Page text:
The company viewed its three banners as individual businesses and operated that way. Each banner had its own profit and loss (P&L), its own information technology (IT) functions, different customer bases, independent customer programs and marketing programs, and a different position within the marketplace. "We had become uncompetitive with our use of technology throughout the 1980s and into the 90s," says Gary Davenport, Vice President and CIO for Hbc. In 1998, the company launched a major transformation of its entire infrastructure driven by customer service issues at the front end, inventory management issues at the back end, and overall expense reduction. "We needed to get much more competitive than we were," Davenport says.

With that, Hbc formalized a strategy, called One Hbc, that would enable it to become a shopping solution for Canadians through the following initiatives:

  • Leveraging the breadth of products and services offered throughout its retail channels.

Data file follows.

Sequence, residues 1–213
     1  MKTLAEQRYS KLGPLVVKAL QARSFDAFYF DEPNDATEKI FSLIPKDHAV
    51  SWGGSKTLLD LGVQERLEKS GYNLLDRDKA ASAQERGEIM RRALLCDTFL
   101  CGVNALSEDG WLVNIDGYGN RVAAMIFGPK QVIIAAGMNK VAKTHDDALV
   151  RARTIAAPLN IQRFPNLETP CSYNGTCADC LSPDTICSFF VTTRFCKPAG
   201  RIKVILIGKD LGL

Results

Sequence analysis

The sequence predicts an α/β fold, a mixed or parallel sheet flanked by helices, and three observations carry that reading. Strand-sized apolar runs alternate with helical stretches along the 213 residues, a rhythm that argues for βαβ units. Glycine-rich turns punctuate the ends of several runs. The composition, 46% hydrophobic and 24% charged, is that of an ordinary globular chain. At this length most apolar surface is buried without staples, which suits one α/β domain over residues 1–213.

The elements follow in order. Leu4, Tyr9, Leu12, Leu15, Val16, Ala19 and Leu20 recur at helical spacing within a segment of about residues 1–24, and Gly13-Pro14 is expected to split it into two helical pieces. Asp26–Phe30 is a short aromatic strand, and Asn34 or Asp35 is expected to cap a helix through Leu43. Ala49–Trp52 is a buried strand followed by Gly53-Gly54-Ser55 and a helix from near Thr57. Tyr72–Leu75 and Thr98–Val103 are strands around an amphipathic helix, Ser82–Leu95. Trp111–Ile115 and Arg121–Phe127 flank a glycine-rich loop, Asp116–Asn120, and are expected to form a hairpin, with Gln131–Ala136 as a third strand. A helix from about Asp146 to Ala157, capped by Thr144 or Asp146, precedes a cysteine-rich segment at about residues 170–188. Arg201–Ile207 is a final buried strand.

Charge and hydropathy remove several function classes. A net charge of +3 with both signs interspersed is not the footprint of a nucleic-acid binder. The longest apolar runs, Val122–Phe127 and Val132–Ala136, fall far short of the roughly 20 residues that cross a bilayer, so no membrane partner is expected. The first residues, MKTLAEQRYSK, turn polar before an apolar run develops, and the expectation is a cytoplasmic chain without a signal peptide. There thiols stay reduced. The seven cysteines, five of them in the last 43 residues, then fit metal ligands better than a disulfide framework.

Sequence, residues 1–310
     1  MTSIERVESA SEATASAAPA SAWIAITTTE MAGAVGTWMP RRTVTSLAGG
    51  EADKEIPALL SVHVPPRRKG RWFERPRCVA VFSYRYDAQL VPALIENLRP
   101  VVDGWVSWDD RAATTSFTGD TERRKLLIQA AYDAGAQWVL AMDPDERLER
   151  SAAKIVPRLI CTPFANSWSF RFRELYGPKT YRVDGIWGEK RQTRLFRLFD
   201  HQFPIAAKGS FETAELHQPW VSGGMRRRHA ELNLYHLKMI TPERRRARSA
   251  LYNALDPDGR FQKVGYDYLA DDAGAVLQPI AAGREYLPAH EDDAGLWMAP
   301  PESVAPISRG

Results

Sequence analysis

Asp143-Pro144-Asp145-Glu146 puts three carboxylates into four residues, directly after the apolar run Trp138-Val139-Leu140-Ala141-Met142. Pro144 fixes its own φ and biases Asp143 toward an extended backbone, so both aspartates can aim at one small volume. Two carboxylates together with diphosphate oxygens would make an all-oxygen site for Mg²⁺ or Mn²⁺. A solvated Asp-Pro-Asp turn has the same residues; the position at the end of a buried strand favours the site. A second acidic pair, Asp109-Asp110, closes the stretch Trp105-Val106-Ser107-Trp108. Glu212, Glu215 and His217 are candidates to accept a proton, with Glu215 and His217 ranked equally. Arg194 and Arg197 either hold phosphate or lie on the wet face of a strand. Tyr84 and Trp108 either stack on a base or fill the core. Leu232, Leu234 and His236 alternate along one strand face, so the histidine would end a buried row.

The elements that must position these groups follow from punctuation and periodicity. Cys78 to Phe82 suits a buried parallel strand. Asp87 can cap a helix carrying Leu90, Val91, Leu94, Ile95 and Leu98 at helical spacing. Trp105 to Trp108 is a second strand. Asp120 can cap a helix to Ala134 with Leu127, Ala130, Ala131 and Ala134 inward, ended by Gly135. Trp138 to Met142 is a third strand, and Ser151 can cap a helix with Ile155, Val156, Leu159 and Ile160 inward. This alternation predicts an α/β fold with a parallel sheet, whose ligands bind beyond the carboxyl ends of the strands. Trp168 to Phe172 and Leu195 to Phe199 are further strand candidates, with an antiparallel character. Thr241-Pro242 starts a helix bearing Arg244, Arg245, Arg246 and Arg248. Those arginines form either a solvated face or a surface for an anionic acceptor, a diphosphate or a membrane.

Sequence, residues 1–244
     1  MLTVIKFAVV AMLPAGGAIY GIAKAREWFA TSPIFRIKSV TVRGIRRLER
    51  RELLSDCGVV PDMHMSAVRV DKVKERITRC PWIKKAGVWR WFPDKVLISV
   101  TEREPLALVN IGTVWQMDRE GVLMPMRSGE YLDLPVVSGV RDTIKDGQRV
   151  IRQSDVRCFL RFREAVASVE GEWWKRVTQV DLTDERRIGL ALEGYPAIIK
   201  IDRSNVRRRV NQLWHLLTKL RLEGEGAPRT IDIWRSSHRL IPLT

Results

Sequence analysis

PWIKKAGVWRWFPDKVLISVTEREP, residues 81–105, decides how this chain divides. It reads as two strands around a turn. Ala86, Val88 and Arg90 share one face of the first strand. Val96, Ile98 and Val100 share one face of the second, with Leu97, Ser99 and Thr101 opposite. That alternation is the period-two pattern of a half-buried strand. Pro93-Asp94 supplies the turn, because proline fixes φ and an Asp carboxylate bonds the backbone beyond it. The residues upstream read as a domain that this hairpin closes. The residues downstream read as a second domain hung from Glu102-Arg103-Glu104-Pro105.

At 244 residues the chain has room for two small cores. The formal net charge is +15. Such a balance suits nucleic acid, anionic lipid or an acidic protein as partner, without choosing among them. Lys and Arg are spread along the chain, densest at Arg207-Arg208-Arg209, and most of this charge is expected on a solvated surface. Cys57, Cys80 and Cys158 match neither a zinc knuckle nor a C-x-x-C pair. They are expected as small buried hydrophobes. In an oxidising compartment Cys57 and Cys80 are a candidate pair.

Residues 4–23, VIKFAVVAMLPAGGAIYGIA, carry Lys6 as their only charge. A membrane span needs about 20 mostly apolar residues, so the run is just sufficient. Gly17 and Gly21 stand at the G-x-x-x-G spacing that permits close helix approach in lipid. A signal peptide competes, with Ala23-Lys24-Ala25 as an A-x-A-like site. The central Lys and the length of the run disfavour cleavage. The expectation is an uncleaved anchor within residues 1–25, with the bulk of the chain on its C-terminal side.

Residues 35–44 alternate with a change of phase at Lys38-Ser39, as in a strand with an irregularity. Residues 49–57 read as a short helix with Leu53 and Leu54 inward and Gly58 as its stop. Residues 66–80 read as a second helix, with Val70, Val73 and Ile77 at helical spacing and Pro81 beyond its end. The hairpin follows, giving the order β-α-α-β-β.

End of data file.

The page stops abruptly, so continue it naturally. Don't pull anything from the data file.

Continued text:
• Aligning customer touch points, logistics, and retail enablement, creating a common front to the customer through credit cards, loyalty programs, and gift cards.
  • Creating a seamless, cost effective back office that supports the distinct customer-focused retail formats.

In 1999, Cisco met with Hbc senior executives to discuss the opportunities that could be realized through an Internet-enabled business model. At the request of Hbc, Cisco worked with them to develop a strategic roadmap that would enable them to achieve their goals, as well as to lay a foundation for future growth and scalability.

"We helped Hbc develop an Internet Business vision, identify opportunities with a level of detail on the cost and benefit, and build an implementation roadmap," says Val Stoyanov, managing director with Cisco's Internet Business Solutions Group (IBSG). Clearly excited about the prospects, Hbc brought in a broader ecosystem of technology companies to assist in the effort and began to implement the solutions.